Panspermia, a hypothesis that allows life on Earth to have originated elsewhere in the universe, is viewed by some as an alternative to abiogenesis. All forms of the theory posit that life has spread through space to Earth, perhaps from other star systems. In its strongest form, Panspermia says that life has always existed. More common forms, however, simply transfer the origin problem elsewhere, and as such have no contention with abiogenesis; indeed they mitigate the potential problem of time constraints on abiogenesis occurring on Earth.

Clay hypothesisEdit

Main article: Graham Cairns-Smith

Clay hypothesis (sometimes called clay theory) has been presented by Graham Cairns-Smith as a possible solution of the problem of origin of life from inorganic non-living matter. It is based on the assumption that original living organisms were low-complexity "naked genes", whose shape and chemical properties influenced their survival chances; the transition from inorganic lifeforms to DNA-based organisms was a "genetic takeover".

Cairns-Smith suggests crystals as original naked genes, and in particular clays. Clays can also include other atoms and molecules in their structures, and would have evolved including more and more complex structures, until DNA-related molecules would have taken control of the organism, becoming the genetic driver of its life.[1]

CriticismsEdit

The modern concept of abiogenesis has been criticized by scientists throughout the years. Astronomer Sir Fred Hoyle did so based on the probability of abiogenesis actually occurring. Hubert Yockey did so by saying that it is closer to theology than science.

Other scientists have proposed counterpoints to abiogenesis, such as, Harold Urey, Stanley Miller, Francis Crick (a molecular biologist), and Leslie Orgel's Directed Panspermia theory.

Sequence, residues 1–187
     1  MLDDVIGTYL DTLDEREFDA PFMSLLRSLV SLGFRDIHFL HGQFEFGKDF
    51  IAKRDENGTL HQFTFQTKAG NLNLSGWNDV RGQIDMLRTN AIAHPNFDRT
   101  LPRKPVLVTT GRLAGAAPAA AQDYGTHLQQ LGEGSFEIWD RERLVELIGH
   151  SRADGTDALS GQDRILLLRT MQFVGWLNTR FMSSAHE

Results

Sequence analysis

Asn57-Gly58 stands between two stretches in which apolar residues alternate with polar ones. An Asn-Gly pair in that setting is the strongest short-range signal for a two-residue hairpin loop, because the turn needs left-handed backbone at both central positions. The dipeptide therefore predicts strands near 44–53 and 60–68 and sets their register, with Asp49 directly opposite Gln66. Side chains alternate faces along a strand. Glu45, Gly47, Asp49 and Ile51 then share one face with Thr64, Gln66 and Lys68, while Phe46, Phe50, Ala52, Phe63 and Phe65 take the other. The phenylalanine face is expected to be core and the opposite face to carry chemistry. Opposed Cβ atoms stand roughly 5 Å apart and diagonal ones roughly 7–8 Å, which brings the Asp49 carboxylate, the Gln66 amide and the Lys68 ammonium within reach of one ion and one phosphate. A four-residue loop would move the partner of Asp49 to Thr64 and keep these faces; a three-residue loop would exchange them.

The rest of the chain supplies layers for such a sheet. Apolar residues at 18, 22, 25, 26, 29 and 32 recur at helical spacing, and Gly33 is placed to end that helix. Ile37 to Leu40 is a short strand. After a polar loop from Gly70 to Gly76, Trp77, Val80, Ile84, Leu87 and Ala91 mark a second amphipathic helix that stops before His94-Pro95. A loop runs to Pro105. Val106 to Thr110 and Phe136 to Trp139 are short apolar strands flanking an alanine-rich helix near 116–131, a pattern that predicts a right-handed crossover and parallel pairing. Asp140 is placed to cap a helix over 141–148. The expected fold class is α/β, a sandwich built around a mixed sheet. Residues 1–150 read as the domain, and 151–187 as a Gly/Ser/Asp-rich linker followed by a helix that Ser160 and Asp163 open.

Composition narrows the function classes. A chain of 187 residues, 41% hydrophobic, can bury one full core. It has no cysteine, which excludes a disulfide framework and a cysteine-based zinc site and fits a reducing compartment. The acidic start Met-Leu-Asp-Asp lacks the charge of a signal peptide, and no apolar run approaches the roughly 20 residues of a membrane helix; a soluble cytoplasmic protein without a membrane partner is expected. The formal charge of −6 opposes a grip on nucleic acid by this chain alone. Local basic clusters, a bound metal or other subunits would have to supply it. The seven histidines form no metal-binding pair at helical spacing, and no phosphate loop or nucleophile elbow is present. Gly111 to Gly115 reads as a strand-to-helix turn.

Beyond making the trivial observation that life exists, it is difficult to prove or falsify abiogenesis; therefore the hypothesis has many such critics, both in the scientific and non-scientific communities. Nonetheless, research and hypothesizing continue in the hope of developing a satisfactory theoretical mechanism of abiogenesis.

HoyleEdit

Sir Fred Hoyle, with Chandra Wickramasinghe, was a critic of abiogenesis. Specifically Hoyle rejected chemical evolution to explain the naturalistic origin of life. His argument was mainly based on the improbability of what were thought to be the necessary components coming together for chemical evolution. Though modern theories address his argument, Hoyle never saw chemical evolution as a reasonable explanation. Hoyle preferred panspermia as an alternative natural explanation to the origin of life on Earth.

YockeyEdit

Information theorist Hubert Yockey argued that chemical evolutionary research faces the following problem:

Research on the origin of life seems to be unique in that the conclusion has already been authoritatively accepted … . What remains to be done is to find the scenarios which describe the detailed mechanisms and processes by which this happened.

One must conclude that, contrary to the established and current wisdom a scenario describing the genesis of life on earth by chance and natural causes which can be accepted on the basis of fact and not faith has not yet been written.[2]

In a book he wrote 15 years later, Yockey argued that the idea of abiogenesis from a primordial soup is a failed paradigm: